Adjective "blundering" definition and examples

(Blundering may not be an adjective, but it can be used as an adjective, click here to find out.)

Pronunciation

/ˈblʌndə/

Definitions and examples

noun

A stupid or careless mistake.
  1. 'Look for mistakes, both obvious blunders as well as more subtle slips, errors that may subsequently emerge as campaign controversies.'
  2. 'Even the later case in which the wife of a victim wasn't quarantined isn't a terrible blunder.'
  3. 'History books tell us that wars are messy, chaotic and even nations fighting just causes make horrid moral mistakes and battlefield blunders.'
  4. 'At the start of the new millennium, the corporate world witnessed major fiascos and ethical blunders.'
  5. 'As a matter of fact this whole rising, if it could be called that, was a succession of blunders, mistakes and errors.'
  6. 'The transcript is worth reading, if only because it confirms that the attack was a tragic blunder rather than an intentional act.'
  7. 'In other words, forgiveness is for real sin, not for foibles, mistakes, excusable blunders, and things we can't help.'
  8. 'The error is the latest blunder to hit postal votes this week, fuelling fears of a number of post-electoral challenges because of doubts over the efficacy of the voting system.'
  9. 'Health chiefs, who described the blunder as an ‘oversight’, have been ordered by a sheriff to explain how up to 250 tissue slides were exchanged.'
  10. 'They suffered from, I think, a kind of outcome bias, because there was a terrible loss of 7 astronauts, somehow there must have been a terrible blunder to have set them off.'

verb

Make a stupid or careless mistake; act or speak clumsily.
  1. 'one's first blundering attempts'
  2. 'And it was ear-plugs that enabled me to win my game against the Russian Grandmaster when I failed to hear his draw offer and he blundered on his next move.'
  3. '‘What a book a Devil's Chaplain might write on the clumsy, wasteful, blundering, low and horridly cruel works of nature,’ Darwin wrote to a friend in 1856.'
  4. 'Some of your Democratic colleagues are insisting, at this point, that you blundered on both votes.'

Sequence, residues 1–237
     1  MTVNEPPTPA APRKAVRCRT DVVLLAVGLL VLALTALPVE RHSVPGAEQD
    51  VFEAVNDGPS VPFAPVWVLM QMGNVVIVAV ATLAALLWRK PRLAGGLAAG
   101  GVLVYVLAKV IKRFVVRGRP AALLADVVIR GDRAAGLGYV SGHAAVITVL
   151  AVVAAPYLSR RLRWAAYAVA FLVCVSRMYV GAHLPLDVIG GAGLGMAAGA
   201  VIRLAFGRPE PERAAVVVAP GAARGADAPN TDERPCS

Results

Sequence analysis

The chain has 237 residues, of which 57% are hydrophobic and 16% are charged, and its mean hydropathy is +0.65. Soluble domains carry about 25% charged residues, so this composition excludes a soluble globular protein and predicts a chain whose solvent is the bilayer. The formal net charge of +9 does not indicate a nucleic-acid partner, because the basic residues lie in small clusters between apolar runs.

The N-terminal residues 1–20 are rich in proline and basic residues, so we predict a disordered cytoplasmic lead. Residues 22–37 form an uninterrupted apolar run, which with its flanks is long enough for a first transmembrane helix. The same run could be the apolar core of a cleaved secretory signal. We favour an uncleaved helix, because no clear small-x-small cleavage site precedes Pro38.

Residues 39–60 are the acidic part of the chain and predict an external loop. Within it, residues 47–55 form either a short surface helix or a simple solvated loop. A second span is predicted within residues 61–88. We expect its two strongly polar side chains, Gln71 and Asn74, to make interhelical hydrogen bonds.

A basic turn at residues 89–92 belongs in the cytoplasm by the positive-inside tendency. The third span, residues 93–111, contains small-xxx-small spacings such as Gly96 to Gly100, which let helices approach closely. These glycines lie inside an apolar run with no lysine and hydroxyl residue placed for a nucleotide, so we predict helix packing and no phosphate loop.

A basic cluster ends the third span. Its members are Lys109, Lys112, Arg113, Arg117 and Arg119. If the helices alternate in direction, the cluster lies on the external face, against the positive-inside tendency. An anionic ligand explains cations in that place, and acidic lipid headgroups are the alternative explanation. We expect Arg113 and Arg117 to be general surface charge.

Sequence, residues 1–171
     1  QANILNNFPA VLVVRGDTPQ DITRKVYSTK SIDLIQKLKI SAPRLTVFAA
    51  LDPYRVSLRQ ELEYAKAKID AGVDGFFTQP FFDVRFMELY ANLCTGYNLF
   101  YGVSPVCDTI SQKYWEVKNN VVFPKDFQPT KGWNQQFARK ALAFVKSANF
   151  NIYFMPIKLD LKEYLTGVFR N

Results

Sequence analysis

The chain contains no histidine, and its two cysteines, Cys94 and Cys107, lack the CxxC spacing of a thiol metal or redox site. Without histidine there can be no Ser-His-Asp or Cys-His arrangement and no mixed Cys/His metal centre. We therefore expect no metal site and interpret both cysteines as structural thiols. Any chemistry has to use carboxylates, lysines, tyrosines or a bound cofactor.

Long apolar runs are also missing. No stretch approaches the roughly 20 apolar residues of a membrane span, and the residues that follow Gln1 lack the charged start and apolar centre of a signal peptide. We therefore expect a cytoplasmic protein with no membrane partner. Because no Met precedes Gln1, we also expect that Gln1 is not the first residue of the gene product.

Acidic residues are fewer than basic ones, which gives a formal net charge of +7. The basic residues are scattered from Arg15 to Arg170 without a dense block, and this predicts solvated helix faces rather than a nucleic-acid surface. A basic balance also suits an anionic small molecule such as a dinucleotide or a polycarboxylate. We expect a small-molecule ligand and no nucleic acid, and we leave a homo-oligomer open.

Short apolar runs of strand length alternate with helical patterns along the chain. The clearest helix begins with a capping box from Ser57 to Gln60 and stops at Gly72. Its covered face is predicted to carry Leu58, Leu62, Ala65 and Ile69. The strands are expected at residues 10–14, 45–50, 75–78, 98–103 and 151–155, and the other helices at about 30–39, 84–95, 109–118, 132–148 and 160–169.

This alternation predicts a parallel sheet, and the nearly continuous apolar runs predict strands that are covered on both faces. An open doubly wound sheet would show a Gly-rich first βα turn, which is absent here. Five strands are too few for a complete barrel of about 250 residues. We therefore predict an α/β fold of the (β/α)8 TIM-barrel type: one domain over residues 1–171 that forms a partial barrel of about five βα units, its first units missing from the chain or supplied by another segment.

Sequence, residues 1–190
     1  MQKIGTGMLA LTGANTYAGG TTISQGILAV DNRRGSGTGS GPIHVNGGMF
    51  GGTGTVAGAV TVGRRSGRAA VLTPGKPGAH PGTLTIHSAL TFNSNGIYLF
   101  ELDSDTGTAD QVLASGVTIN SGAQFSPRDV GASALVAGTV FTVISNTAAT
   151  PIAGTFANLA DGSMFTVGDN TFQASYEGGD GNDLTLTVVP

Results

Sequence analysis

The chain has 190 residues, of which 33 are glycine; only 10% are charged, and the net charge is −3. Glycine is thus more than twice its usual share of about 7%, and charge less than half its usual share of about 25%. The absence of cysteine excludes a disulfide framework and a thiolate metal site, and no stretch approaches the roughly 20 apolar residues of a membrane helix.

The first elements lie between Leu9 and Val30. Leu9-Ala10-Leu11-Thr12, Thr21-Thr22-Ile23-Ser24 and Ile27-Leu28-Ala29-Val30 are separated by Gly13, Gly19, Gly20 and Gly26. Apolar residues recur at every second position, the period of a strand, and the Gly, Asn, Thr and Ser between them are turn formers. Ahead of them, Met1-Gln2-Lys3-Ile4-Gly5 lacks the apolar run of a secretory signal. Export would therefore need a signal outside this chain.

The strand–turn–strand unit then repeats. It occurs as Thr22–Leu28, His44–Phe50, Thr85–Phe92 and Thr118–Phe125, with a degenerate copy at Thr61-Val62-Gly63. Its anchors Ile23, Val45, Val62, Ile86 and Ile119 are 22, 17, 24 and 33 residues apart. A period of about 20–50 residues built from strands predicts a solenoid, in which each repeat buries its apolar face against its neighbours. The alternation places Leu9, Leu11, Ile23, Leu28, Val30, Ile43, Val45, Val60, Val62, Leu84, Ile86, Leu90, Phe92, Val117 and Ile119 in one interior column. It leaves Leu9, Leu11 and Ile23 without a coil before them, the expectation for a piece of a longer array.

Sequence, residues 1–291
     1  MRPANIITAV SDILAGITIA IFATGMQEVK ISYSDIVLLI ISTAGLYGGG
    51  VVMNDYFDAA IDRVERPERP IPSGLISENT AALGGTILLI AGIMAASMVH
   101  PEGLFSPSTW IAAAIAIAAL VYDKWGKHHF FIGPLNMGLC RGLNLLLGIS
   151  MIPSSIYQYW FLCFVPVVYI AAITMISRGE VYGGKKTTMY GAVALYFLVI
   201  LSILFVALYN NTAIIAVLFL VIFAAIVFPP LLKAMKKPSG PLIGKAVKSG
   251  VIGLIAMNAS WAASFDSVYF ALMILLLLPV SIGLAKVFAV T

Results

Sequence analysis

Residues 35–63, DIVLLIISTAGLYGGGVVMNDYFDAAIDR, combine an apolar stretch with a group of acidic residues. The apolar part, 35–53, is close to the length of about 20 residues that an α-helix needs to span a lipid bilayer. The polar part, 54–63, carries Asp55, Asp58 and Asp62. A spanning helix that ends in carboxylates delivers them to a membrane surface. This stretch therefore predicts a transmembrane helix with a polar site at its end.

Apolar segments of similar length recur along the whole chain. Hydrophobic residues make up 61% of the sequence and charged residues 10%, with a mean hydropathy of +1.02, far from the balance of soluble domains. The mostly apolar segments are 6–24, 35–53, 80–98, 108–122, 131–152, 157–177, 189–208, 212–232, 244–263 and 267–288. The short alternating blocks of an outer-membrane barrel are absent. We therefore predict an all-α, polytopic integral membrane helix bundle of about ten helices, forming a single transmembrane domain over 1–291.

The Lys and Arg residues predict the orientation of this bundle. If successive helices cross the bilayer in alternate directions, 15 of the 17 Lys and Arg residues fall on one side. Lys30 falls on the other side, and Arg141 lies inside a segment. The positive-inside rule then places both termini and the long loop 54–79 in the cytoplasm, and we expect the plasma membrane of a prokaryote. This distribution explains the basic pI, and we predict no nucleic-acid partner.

5. 'I even sent some signed sheets of paper to England hoping that he blundered his moves by falsely handing my units over to him, it helped but he was not to be the danger.'
  6. 'She opened her mouth to say something but I blundered on, ‘I never thought I'd be able to be so happy.’'
  7. 'Yet this megalomaniac blundered on, boasting of an episode in his life that had best be referred to only in passing.'
  8. 'Meanwhile Randy blundered on about her un-professionalism and unreliability, finally she simply burst.'
  9. 'Of course, he has blundered on a couple of occasions this season and, at times, they have been costly.'
  10. 'Wiping his sweaty palm on his jeans, he thought about the many times he had blundered in his attempts to ask girls out.'
  11. '‘I meant what I said that day, Gareth,’ I blundered on, openly crying, something I never did.'
  12. 'We just blundered into this - I don't want to give you any impression at all that I or anyone else knows what we are doing.'
  13. 'Consequently, they tragically blundered into a piece of terrain still held by the enemy.'
  14. 'One night, thinking to take a shortcut, we blundered into a red-light area.'
  15. 'If a mosquito blunders into one, it sizzles and makes a sparkle of flame; if you touch the wires yourself by mistake, you get a shock.'
  16. 'She blundered into the path of the bus, then hurriedly dragged her little animals quickly back onto the pavement out of harm's way.'
  17. 'I just blundered into it, but once I began to see how I would be free in the material, I was very happy.'
  18. 'A stooped, blind old man blunders into the room and says: ‘Help, help me, they say I have no appointment today.’'
  19. 'There are also complicated reasons why societies blunder into these mistakes.'
  20. 'A crude trawl of press coverage in November last year revealed a different story of doctors reportedly bungling, blundering, or groping their way through headlines for almost every day of the month.'
  21. 'They did a bit of this and a bit of that, acquired a superb fund of tropical tales to tell, and eventually blundered into the real - estate business.'

More definitions

1. a gross, stupid, or careless mistake: That's your second blunder this morning. verb (used without object)

2. to move or act blindly, stupidly, or without direction or steady guidance: Without my glasses I blundered into the wrong room.

3. to make a gross or stupid mistake, especially through carelessness or mental confusion: Just pray that he doesn't blunder again and get the names wrong. verb (used with object)

4. to bungle; botch: Several of the accounts were blundered by th

More examples(as adjective)

"ways can be blundering."

"missions can be blundering."

"adherences can be blundering."

Origin

(blunder)Middle English: probably of Scandinavian origin and related to blind.